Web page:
According to BreastCancer.org:
- prednisone 10 mg purchase About 1 in 8 U.S. women (about 12%) will develop invasive breast cancer over the course of her lifetime.
- In 2019, an estimated 268,600 new cases of invasive breast cancer are expected to be diagnosed in women in the U.S., along with 62,930 new cases of non-invasive (in situ) breast cancer.
- About 2,670 new cases of invasive breast cancer are expected to be diagnosed in men in 2019. A man’s lifetime risk of breast cancer is about 1 in 883.
- Breast cancer incidence rates in the U.S. began decreasing in the year 2000, after increasing for the previous two decades. They dropped by 7% from 2002 to 2003 alone. One theory is that this decrease was partially due to the reduced use of hormone replacement therapy (HRT) by women after the results of a large study called the Women’s Health Initiative were published in 2002. These results suggested a connection between HRT and increased breast cancer risk.
- About 41,760 women in the U.S. are expected to die in 2019 from breast cancer, though death rates have been decreasing since 1989. Women under 50 have experienced larger decreases. These decreases are thought to be the result of treatment advances, earlier detection through screening, and increased awareness.
- For women in the U.S., breast cancer death rates are higher than those for any other cancer, besides lung cancer.
From the majority of women I’ve spoken to over the years, few things bring more fear than hearing that they have breast cancer. Some think of how deadly breast cancer has been for years and many others fear losing a vital part of their femininity.
This is why there is such a huge push for breast cancer screenings, which currently includes: self-exams, mammography, digital mammography, ultrasound, magnetic resonance imaging (MRI), position emission mammography (PEM), breast-specific gamma imaging (BSDI), thermography, breast exam by health care provider.
According to Our Bodies Our Selves:
Thermography records the temperature of different areas of the body by measuring infrared radiation. Malignant tissue generally has a higher temperature than normal tissue because of its richer blood supply and higher metabolic rate.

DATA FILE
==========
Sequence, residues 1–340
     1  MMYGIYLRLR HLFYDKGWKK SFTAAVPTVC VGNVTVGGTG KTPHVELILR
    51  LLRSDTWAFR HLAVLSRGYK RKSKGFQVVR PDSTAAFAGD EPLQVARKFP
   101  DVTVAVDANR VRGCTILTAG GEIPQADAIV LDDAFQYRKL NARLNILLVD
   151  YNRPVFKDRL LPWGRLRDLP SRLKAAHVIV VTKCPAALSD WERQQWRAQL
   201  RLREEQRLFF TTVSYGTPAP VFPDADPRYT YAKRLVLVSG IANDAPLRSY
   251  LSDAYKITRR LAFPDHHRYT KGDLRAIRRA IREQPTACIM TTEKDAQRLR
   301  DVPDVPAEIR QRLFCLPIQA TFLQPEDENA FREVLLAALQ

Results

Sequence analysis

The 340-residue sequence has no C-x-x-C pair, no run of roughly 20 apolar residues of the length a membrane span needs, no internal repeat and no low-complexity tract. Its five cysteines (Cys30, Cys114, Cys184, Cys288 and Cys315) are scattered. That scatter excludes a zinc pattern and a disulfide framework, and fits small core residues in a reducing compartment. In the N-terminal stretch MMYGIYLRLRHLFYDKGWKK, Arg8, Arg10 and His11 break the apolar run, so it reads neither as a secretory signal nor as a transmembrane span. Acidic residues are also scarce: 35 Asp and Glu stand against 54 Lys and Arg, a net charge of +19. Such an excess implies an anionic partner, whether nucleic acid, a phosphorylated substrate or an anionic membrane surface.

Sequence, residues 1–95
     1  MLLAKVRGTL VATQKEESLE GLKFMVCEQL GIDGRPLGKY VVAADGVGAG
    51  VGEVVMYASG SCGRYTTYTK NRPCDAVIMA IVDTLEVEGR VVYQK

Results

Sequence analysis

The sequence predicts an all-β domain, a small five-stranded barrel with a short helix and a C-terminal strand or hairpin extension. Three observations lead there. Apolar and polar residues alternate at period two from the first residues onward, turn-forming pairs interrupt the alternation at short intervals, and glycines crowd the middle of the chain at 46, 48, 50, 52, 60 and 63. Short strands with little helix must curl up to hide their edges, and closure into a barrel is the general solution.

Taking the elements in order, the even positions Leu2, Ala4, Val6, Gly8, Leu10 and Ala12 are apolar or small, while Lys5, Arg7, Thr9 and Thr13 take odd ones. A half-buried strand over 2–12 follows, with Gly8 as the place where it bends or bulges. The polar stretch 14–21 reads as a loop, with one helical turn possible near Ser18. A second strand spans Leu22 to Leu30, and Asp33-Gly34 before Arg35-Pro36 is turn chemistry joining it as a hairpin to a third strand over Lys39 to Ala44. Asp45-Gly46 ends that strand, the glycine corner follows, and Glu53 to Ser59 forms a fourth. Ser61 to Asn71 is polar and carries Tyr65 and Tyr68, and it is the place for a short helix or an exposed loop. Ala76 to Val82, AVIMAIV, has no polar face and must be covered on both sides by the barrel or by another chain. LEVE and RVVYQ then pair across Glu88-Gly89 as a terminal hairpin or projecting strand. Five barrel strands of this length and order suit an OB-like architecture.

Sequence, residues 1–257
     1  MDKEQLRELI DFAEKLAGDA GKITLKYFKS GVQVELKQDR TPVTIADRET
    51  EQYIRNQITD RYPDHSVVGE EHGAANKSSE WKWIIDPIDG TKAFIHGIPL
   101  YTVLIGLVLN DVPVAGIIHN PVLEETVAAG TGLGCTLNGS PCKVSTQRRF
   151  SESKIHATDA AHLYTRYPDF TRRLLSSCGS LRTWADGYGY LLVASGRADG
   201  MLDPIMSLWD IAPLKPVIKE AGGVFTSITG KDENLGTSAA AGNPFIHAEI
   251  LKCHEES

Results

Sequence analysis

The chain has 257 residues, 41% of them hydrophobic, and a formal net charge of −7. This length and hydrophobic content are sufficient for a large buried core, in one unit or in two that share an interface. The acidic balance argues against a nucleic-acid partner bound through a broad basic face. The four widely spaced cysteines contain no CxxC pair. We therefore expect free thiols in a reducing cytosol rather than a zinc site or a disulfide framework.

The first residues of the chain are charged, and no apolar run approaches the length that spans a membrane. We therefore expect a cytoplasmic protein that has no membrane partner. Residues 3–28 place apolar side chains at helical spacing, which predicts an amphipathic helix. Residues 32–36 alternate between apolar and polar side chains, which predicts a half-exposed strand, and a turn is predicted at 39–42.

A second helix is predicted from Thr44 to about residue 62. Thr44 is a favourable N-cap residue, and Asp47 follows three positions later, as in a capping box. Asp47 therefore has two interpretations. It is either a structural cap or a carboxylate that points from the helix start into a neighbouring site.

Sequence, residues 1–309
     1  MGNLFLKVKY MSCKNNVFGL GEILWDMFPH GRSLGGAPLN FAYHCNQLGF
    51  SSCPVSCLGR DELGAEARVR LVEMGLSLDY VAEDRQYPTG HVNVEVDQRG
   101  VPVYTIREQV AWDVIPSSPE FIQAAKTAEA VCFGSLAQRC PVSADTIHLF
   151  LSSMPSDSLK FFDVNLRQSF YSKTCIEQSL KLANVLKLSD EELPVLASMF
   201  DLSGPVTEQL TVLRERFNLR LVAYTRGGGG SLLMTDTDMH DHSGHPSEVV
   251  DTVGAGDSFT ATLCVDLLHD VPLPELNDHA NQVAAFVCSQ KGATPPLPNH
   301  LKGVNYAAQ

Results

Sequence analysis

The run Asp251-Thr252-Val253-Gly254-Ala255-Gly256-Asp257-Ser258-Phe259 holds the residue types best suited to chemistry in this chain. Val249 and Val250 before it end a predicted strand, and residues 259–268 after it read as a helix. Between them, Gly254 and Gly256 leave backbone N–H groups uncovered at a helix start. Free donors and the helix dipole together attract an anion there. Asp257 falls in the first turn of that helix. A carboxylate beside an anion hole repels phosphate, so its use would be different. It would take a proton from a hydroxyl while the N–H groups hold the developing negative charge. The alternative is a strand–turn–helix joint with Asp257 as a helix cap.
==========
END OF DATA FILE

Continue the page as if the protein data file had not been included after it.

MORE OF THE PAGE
There is currently no evidence to support the use of thermography as a screening or diagnostic tool. The FDA states that thermography should not be used as a stand-alone tool for breast cancer screening.
Perhaps experts need to rethink the use of thermography after what happened to one woman, as reported:
A family visit to a museum turned out to be a life-changing and possibly life-saving event for one woman, all thanks to a thermal camera. When she visited Camera Obscura and World of Illusions in Edinburg, the thermal camera detected that she had breast cancer while it was still in an early stage.
The Thermal Camera was installed in Camera Obscura and World of Illusions in 2009 and it lets visitors see their body “hot spots.” Bal Gill, 41, visited the museum with her family in May this year. When she took a photo during the fun visit, she noticed something unusual: a red heat patch on her left breast.
In a letter she sent to the museum, Bal explained:
“While making our way through the floors we got to the thermal imaging camera room. As all families do, we entered and started to wave our arms and look at the images created. While doing this I noticed a heat patch (red in colour) coming from my left breast. We thought it was odd and having looked at everyone else they didn’t have the same. I took a picture and we carried on and enjoyed the rest of the museum.”
A few days later, after returning home, Bal was going through the photos and saw the image from the museum. She did a little bit of Google search and saw a lot of articles about breast cancer and thermal imaging cameras. I guess this time googling about possible disease turned out to be a good call. It prompted her to make an appointment with her doctor, and it turned out that she indeed had breast cancer. Thankfully, it was in really early stages.
With this documentation, perhaps it’s time for the medical community to spend more time and effort in researching the use of thermal cameras. They are much less painful and intrusive as a mammography or similar screenings. I know my wife would much prefer to a have a thermal photo instead of what she refers to as a mammo-screaming.